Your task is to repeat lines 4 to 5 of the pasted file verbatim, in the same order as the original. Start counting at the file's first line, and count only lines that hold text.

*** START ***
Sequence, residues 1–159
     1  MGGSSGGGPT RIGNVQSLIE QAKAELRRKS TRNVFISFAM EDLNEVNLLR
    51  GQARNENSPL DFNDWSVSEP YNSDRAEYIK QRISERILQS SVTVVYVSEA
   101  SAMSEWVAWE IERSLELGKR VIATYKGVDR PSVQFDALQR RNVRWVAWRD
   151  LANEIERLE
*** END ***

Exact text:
   101  SAMSEWVAWE IERSLELGKR VIATYKGVDR PSVQFDALQR RNVRWVAWRD
   151  LANEIERLE